From SAN FRANCISCO’s fire to Louis Kahn’s death in NEW YORK. How false ceilings shaped American architecture: 1906-1974

english with russian translation

An architect and a scholar in history of modern architecture Manfredo di Robilant will give a lecture on the history of the falce ceillings.

The ceiling is a very sensitive surface of buildings; it reacted with amazing clarity to the shift from irrational pre-modernity to rational modernity.

As to the first, the astonished admiration that a frescoed vault can induce was well described by Charles de Tolnay in the introduction to his book on Michelangelo’s ceiling for the Sistine Chapel (The Sistine Ceiling, 1945). As to the second, Reyner Banham described with the same effectiveness the intriguing complexity of false ceilings in his chapter on “Concealed power” in the International Style’s corporate buildings (The Architecture of the Well-tempered Environment, 1969).

All through the history of architecture, ceilings have been very visible places of structural as well as artistic experimentations. Indeed ceilings are related to the act of looking up, thus something that a visitor of a building usually do intentionally, with the significant exception of hospitals. Louis Kahn once stated that he was horrified by the idea of dying while looking at a false ceiling. In this statement he was probably influenced by the fact that since the primitive age looking up has been associated with invoking the gods, and false ceiling tiles could easily frustrate this attempt…

During the 20th century, ceilings became a place for housing air conditioning and heating ducts, electrical wires, sprinkler systems, telecommunications cables and CCTV. Hence, ceilings ceased to be surfaces for displaying symbolical meanings through paintings and decorations and became technical surfaces. Moreover, since the end of 19th century the need to protect steel structures prompted the diffusion of false ceilings as fire-resistant surfaces, and the obsession with noise-control in interiors favored the use of false ceilings as noise-absorbing surfaces.

The clash between the task of satisfying material needs and that of conveying symbolical meanings in architecture is implicit already in the Vitruvian triad of commodity, firmness and delight (commodity and firmness embody the first two terms, delight embodies the latter term). The history of architecture in the 20th century made no exception to the pervasiveness of this conflict/compromise, despite the claim of Modern architecture to privilege utility, in search of a rupture with older traditions.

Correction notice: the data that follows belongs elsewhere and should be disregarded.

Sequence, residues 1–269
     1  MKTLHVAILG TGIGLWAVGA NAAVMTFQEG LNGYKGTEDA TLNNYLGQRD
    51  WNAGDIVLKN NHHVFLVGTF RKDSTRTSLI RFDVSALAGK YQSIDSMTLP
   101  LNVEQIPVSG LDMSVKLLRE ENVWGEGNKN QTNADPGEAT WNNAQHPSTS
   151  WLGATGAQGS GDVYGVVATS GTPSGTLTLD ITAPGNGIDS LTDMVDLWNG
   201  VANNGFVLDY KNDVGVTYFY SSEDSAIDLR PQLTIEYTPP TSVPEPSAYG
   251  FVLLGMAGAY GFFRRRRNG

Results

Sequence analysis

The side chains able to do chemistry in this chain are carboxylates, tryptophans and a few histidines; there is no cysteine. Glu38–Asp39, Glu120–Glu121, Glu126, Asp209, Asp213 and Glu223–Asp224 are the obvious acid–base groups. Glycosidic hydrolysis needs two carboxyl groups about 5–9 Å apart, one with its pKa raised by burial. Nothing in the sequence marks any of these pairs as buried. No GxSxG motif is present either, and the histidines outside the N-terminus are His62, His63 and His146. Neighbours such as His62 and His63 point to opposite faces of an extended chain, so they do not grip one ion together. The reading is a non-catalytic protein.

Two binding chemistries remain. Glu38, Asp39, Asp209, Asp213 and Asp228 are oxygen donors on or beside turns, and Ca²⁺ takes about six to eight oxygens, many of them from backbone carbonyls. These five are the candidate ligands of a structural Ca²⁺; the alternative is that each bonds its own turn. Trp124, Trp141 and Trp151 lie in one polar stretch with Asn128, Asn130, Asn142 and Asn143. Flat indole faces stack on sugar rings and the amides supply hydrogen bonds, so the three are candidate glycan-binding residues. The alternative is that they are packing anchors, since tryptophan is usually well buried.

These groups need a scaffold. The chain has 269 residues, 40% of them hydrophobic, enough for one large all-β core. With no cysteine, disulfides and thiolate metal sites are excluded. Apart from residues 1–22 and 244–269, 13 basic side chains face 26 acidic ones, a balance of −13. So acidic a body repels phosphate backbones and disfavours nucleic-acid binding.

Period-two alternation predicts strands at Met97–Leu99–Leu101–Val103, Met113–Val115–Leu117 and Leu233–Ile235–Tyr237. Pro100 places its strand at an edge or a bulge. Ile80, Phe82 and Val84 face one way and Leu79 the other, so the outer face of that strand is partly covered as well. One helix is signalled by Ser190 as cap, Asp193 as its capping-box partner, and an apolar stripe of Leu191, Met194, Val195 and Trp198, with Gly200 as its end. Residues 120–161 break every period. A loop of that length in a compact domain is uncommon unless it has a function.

If many building elements and building solutions could be selected to investigate the interaction or opposition between utility and symbol, ceilings and false ceilings seem to be particularly appropriate for this task. Indeed, they climactically embodied the two poles of this opposition, but nevertheless they also embodied the interaction between the two…

This talk investigates the false ceiling by narrowing the focus on the US, and by creating a narrative from the San Francisco fire of 1906, when false ceilings were tested for the first time on a large scale as fire-resistant surfaces, to Louis Kahn’s death in New York’s Penn station, 1974.

Manfredo di Robilant is an architect and a scholar in history of modern architecture. He recently completed a post-doc at the Polytechnic University of Turin and he has been Visiting Scholar 2012 at the Canadian Centre for Architecture in Montréal. He has taught at the Naba, Milan, and he lectured at the Washington University in St. Louis, the Harvard Studio in Rotterdam, the University of Bremen. He has been assistant to the editor of the monthly «Il Giornale dell’Architettura» and he published reviews and interviews on «Log» and «Domus». Manfredo oversees “Ceiling” an